NFC distributes vintage movie, Shaihu Umar, to tertiary institutions

by Araayo Akande

Tertiary institutions, including the Universities of Ibadan, Calabar, Benin, Nigeria and Port-Harcourt, will receive a copy of the vintage movie, ‘Shaihu Umar’, courtesy of the Nigerian Film Corporation (NFC).

‘Shaihu Umar’ is a film adaptation of a novel written by the late Prime Minister, Sir Abubakar Tafawa Balewa. It was filmed and directed in 1976 by Adamu Halilu, ex-Chief Executive of the NFC, an offshoot of the former Federal Film Unit. 

NFC recently restored the movie by collaborating with the German Government and its institutions, including the Arsenal Institute for Film & Video Arts (DFF) Frankfurt, Goethe University, Deutseches Film Institute & Film Museum, Deutscher Akademischer Austauschdienst (DAAD), Germany as well as the  Lagos Film Society. 

 However, the Arsenal Institute for Film & Video Arts took the lead in the recovery and digitisation of the film. It also donated a film scanner to the  National Film Video & Sound Archive (NFVSA), Jos to recover and digitise its other celluloid films.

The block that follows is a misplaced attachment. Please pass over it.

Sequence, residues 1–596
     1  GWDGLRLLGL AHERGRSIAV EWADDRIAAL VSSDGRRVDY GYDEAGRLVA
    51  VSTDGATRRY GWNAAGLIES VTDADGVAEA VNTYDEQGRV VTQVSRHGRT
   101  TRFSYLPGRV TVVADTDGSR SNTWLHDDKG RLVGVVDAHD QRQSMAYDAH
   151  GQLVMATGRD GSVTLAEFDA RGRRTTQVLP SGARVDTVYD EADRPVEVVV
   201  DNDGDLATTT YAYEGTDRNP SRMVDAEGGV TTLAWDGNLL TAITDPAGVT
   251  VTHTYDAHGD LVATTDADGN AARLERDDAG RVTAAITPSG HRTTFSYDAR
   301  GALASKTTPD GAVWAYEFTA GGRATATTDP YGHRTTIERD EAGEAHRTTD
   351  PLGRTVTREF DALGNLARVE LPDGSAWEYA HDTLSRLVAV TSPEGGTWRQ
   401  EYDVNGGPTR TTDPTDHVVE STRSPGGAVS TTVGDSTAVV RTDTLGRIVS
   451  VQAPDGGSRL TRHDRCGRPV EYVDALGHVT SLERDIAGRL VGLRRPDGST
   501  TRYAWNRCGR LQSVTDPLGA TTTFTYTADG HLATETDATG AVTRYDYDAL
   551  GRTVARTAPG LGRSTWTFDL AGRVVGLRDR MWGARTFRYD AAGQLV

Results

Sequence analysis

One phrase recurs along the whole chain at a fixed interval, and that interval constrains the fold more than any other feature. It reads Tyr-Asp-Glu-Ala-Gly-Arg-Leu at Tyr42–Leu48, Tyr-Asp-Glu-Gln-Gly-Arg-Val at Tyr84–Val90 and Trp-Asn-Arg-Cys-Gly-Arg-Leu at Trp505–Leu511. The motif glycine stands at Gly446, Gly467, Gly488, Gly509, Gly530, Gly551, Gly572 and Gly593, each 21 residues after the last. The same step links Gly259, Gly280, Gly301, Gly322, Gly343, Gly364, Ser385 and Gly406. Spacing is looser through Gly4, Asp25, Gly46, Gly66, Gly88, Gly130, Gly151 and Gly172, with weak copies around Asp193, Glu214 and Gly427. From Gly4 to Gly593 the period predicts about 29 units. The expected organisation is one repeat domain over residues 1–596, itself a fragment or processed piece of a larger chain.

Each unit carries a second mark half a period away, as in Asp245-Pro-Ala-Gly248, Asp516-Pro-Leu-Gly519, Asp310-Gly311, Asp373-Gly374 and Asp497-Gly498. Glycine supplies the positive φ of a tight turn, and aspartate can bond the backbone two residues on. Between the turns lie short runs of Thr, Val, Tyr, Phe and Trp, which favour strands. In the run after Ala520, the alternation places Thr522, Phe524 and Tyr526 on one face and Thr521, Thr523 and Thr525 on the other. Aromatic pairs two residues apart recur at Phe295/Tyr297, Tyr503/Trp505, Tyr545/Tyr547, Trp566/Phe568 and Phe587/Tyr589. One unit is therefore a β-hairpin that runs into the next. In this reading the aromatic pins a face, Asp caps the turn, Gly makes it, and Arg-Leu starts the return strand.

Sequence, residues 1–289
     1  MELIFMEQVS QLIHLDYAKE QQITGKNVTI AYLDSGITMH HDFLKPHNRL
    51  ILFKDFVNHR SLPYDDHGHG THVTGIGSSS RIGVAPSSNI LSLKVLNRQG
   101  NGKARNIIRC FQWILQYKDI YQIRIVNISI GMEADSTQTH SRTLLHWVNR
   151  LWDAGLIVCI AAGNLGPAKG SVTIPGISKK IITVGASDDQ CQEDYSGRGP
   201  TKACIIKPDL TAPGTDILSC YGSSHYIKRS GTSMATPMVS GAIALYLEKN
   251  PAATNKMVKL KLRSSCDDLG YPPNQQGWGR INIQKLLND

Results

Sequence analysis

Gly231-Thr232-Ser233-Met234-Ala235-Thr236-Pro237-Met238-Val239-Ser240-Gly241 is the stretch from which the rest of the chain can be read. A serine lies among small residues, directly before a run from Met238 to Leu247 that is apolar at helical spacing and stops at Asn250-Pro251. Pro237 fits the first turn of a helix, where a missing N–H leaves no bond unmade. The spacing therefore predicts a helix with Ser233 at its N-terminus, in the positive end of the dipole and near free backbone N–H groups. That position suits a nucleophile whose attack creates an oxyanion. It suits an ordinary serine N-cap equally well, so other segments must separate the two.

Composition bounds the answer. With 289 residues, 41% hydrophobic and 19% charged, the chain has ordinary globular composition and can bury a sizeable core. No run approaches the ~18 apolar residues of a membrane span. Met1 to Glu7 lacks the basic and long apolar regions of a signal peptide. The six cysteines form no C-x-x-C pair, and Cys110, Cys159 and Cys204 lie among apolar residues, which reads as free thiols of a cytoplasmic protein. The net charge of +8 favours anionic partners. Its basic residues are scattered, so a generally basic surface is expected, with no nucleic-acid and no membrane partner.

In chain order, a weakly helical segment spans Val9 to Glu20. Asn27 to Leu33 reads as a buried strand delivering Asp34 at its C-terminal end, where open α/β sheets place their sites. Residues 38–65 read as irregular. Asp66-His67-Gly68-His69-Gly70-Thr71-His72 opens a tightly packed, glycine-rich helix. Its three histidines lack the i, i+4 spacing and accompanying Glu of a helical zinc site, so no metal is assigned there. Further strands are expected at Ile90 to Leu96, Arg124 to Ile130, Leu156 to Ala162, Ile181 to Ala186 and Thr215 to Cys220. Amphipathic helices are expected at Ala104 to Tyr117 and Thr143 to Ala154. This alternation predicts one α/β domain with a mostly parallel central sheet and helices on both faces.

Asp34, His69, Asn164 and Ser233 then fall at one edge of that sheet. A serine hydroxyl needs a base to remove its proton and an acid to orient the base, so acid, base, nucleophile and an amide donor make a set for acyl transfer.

Other institutions that will get a digital copy of the film, part of NFC’s efforts to boost production training through the use of vintage film footages and archival materials, are Adeleke University, University of Maiduguri, Bayero University, Umaru Musa Yaradua University, Taraba State University and Ambrose Alli University.  

The Smart Image Film and Theatre Institute, Ibadan, Kaduna State University, Abia State University and Obafemi Awolowo University will also get copies of the film.  

Commenting on the initiative, the Managing Director of the NFC, Dr  Chidia Maduekwe, disclosed the digitised movie had a successful outing in Europe and Asia.

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He added that the digitised ‘Shaihu Umar’ is a remarkable breakthrough in the rescue efforts of vintage Nigerian films still in the celluloid format.

The MD also lauded NFC’s German collaborators and the Lagos Film Society for their roles in the recently introduced Masters Programme in Film Culture & Archival Studies at the National Film Institute, Jos. 

 He asked filmmakers to take advantage of the NFVSA and deposit copies of their productions for preservation and archiving free of charge. 

Maduekwe, who also reiterated the importance of archiving Nigerian films, added that the NFVSA has the mandate to acquire, preserve and archive audio-visual materials.

Its operations, he said, include the protection of intellectual property rights of owners of archival deposits in its custody.

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